A great difference comes into the life when, instead of putting circumstances between ourselves and God, we put God between ourselves and circumstances. Then when annoyance and fret, unkind speeches and unjust treatment, worries about money and helpers and procedure accumulate, they seem like the passage of crowds up and down a London thoroughfare, whilst we sit quietly within and pursue our work behind the double windows, that render the room almost impervious to sound. Happy the soul which has learned to live inside the film of God's invisible protection, poured around it by the Spirit of peace!

(F. B. Meyer, B. A.)

Sunday School Chronicle.
It is said that Mr. Gladstone, for forty years, had on the wall of his bedroom this text: "Thou wilt keep him in perfect peace whose mind is stayed on Thee." These were the first words on which the great statesman's eyes opened every morning, and they were one of the sources of his calm strength.

(Sunday School Chronicle.)

George M'Donald says somewhere that it is more. absurd to trust God by halves than it is not to believe in Him at all.

At a battle in the American Civil War, a general asked Stonewall Jackson how it was he kept so cool while the bullets literally rained about him. Jackson instantly became grave, and earnestly answered, "My religions belief teaches me to feel as safe in battle as in bed. God has fixed the time of my death. I do not concern myself about that, but to be always ready." After a pause, he added, looking his questioner in the face, "That is the way all men should live, and then all would be equally brave."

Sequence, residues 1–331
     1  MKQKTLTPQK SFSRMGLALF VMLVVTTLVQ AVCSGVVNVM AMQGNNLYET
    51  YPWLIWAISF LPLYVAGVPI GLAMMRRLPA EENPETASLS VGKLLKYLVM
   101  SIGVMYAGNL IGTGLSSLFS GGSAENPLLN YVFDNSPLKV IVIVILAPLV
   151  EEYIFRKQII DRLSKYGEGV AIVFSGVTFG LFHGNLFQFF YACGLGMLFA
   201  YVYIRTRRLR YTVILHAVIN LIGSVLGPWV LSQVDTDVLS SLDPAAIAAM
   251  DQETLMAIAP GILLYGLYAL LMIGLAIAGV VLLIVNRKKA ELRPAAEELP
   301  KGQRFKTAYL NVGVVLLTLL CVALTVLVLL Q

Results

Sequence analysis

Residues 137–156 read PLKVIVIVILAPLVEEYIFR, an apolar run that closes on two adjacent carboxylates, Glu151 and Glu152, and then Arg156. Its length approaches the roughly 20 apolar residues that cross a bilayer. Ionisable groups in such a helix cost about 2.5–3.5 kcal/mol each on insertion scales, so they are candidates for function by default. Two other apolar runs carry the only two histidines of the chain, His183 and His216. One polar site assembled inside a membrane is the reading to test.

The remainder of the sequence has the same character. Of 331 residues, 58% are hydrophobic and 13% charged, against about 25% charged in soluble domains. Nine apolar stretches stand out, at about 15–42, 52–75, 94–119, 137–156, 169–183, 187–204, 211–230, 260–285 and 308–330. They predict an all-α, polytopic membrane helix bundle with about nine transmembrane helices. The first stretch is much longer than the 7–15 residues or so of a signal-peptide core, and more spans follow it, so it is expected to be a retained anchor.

Every time a man worries, physiologists say, he changes a portion of his nervous system. Sometimes the change is serious; sometimes it is permanent; sometimes it is fatal. What worry does for the body, it does also for the spirit. It is the destruction of energy, the ruin of that serenity which is half of power, and the fruitful cause of a large of life's failures. The bicycle is useful because, on a level or a down grade, it relieves a man not only of the weight of his burdens, but even of his own weight, and he can put all his strength into the matter of getting along. Now that is precisely what the Christian's trust will do for him. God never intended that we should carry the burdens He lays upon us. He never intended even that we should carry the burden of our own evil nature and sinful tendencies, no is willing, nay, eager, to carry them all for us, emancipating all our strength for pure progress

(A. R. Wells.)

Confident, Confideth, Fortifiest, Heart, Hope, Imagination, Keepest, Mind, Peace, Perfect, Stayed, Steadfast, Supported, Trusteth, Trusts, Unmoved, Whoever's, Wilt
1. Trust in God's Provision

Dictionary of Bible Themes
Isaiah 26:3

     5038   mind, the human
     5290   defeat
     5831   depression
     5933   restlessness
     6701   peace, search for
     6705   peace, experience
     8117   discipleship, benefits
     8168   way, the
     8322   perfection, human
     8849   worry

Isaiah 26:3-4

     5058   rest, spiritual
     5798   betrayal
     5953   stability
     8023   faith, necessity
     8031   trust, importance
     8239   earnestness

Our Strong City
'In that day shall this song be sung in the land of Judah; We have a strong city; salvation will God appoint for walls and bulwarks. Open ye the gates, that the righteous nation which keepeth the truth may enter in.'--ISAIAH xxvi 1-2. What day is 'that day'? The answer carries us back a couple of chapters, to the great picture drawn by the prophet of a world-wide judgment, which is followed by a burst of song from the ransomed people of Jehovah, like Miriam's chant by the shores of the Red Sea.